Decontis and various receivers, including the DVICO
FusionHDTV7 USB tuner, the PCTV HD Stick Pro (Model 801e), and the Hauppauge
HVR-950Q USB tuner.
reader and KTLA-TV Project
Engineer Larry Price reported it worked with his old DVICO Fusion Gold 5 USB
tuner and an ARTEC T14. It appears that any USB tuner that uses the Microsoft
Broadcast Driver Architecture will work with the Decontis software.
Fig. 1 (left) is a screenshot showing the Mobile DTV Viewer and two “monitor” windows.
The large one is the KXAS-TV main ATSC HD signal and the small one on the right
is the KXAS-TV Mobile DTV signal. The program is the same on both monitors, but
the extra processing for the Mobile DTV signal delays it by several seconds.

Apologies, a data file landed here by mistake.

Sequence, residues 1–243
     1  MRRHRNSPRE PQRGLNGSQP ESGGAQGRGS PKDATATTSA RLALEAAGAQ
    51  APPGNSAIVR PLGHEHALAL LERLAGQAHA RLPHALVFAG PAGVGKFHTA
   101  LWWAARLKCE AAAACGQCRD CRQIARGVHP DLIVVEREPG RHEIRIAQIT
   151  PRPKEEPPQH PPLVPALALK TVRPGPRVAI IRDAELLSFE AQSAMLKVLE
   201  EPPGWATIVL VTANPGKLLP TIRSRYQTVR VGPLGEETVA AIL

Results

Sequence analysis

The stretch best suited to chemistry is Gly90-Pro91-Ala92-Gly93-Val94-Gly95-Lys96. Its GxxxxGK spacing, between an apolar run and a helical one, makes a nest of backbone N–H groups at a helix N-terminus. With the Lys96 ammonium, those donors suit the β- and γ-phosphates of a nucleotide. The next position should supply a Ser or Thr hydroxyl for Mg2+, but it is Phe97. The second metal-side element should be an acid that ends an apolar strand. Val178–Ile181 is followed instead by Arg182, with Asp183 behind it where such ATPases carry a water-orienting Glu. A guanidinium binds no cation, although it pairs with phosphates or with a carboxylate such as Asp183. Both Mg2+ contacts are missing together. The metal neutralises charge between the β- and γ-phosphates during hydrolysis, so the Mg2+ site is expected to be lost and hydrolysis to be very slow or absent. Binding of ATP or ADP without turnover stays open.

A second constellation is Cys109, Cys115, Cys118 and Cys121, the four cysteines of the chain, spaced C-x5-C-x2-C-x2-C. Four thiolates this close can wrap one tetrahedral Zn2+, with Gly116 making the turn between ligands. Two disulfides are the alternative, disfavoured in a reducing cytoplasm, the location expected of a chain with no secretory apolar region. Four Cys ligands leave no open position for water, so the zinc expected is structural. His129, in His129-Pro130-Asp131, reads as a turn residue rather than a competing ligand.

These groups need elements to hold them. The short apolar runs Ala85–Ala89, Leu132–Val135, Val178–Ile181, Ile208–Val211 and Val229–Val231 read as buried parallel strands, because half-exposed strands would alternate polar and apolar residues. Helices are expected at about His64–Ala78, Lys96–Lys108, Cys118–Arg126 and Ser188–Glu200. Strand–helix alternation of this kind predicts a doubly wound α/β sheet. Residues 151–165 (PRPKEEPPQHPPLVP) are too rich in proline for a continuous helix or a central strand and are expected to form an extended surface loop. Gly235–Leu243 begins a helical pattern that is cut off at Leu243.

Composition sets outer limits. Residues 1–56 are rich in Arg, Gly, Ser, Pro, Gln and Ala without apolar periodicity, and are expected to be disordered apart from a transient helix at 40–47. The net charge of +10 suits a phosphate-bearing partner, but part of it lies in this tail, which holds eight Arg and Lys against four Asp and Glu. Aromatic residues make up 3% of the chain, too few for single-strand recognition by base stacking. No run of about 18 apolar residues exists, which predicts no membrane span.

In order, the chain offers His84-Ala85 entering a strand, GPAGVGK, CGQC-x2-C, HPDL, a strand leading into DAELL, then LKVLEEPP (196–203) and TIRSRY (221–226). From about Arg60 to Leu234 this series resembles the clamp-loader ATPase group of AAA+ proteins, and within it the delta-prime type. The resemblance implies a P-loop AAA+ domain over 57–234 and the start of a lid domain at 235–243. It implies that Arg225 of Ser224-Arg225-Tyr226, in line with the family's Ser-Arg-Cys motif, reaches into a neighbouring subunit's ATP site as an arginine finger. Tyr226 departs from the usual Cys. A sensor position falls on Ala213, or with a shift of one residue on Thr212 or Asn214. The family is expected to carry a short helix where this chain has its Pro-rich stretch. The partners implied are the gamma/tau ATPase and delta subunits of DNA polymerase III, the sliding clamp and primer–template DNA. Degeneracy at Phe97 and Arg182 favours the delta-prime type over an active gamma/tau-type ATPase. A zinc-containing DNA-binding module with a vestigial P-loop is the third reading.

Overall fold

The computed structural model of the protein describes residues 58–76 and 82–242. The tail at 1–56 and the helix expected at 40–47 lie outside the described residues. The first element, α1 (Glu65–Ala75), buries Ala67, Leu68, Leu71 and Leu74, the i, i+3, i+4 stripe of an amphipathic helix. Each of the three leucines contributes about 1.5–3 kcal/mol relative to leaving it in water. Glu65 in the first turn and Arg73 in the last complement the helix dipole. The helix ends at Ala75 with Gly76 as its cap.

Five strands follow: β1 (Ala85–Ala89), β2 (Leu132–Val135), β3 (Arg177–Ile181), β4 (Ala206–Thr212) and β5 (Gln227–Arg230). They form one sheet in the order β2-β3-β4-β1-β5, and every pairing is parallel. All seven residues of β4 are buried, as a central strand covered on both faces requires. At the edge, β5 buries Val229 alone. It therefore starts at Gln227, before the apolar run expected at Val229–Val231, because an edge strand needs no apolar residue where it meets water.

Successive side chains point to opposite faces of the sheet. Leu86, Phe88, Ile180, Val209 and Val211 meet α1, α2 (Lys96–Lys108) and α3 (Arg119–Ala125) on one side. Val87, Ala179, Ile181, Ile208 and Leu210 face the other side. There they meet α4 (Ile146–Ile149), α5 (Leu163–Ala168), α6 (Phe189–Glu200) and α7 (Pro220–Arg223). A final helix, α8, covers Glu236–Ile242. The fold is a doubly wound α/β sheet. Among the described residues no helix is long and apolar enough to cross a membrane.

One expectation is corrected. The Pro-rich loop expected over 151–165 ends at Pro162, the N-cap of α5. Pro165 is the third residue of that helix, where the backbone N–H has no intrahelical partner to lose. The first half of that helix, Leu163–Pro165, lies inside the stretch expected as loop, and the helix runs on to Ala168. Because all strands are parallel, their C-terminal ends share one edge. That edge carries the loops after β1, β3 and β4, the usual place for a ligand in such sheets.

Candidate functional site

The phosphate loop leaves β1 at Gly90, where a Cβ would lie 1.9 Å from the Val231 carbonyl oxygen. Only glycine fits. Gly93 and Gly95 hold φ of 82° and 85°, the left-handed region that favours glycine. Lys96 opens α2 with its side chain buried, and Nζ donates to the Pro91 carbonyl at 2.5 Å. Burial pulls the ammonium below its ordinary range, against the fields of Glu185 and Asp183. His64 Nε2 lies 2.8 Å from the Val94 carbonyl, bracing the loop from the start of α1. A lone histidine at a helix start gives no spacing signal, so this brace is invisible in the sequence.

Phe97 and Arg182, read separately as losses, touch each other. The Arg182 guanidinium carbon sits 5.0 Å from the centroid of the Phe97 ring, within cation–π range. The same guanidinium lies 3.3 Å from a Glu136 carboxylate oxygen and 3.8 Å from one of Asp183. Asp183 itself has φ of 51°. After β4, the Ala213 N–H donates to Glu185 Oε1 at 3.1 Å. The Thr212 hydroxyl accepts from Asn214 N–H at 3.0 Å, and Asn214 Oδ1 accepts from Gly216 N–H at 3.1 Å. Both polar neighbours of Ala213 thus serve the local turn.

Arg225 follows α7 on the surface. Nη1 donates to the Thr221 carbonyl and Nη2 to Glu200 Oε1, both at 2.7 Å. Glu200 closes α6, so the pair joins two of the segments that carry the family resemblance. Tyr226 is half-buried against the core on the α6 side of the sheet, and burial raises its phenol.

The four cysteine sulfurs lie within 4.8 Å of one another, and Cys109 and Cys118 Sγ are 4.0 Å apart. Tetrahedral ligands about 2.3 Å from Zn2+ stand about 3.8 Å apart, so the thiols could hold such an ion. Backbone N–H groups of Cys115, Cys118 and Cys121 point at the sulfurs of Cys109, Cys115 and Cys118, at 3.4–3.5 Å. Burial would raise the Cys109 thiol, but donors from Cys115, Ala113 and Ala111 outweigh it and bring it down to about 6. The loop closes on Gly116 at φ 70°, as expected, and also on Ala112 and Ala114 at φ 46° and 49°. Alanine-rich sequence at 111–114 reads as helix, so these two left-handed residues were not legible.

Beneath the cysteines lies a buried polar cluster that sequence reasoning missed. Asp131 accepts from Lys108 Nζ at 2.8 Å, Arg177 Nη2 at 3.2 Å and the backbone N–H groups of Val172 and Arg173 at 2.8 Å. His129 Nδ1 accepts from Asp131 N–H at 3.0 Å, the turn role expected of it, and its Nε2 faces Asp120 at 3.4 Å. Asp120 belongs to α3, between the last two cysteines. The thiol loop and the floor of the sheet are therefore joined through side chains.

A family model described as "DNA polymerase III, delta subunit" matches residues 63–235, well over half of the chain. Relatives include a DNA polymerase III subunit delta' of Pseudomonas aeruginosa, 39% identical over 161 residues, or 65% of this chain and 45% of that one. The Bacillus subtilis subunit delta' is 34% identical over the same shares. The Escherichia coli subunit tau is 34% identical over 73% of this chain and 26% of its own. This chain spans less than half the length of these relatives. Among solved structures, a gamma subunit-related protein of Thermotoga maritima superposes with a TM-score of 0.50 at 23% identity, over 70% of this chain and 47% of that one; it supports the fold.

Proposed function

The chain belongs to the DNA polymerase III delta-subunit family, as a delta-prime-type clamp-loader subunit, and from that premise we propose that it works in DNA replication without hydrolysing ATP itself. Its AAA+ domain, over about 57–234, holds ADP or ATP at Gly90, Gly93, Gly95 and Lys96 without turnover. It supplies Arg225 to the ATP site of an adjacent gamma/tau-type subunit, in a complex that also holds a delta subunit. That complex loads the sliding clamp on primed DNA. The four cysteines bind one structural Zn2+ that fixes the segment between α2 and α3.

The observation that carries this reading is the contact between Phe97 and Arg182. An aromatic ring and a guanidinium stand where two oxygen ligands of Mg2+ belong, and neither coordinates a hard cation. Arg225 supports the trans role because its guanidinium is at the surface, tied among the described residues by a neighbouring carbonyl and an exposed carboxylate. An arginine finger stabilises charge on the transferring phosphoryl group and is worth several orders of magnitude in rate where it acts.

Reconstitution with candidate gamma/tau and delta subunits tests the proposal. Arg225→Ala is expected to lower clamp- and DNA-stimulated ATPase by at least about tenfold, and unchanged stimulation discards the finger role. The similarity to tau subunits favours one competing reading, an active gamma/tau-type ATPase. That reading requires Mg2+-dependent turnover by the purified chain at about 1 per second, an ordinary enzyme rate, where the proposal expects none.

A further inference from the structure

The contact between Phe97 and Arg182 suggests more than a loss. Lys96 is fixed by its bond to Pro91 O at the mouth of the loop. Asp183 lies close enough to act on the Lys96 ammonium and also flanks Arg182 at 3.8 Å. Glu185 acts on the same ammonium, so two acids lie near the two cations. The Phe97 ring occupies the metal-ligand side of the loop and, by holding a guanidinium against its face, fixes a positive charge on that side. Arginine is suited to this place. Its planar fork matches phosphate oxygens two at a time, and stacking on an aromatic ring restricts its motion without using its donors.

I have not tried using the Decontis Mobile DTV Viewer in a car, but after
playing around with the antenna, the software-decoded mobile signal seems to be
about as robust as the conventional ATSC signal—no better, no worse.
While the current version of the software does not take advantage of all the
error correction available in the A/153 standard, Michael Hanel from Decontis
told me, “The other embedded MDTV specific error-correction capabilities
(PCCC-protected signaling information, FEC for both TPC and FIC, SCCC protected
payload, RS frame FEC) can completely be performed in our software.” Look for
additional enhancements in future versions.
Here are some tips for installing the software:
To view both ATSC and ATSC Mobile DTV, you will need to let the program install
VLC Version 1.10. The download option is available on the small monitor windows
by clicking on the setup icon (the wrench) at the top of the window and “Setup.”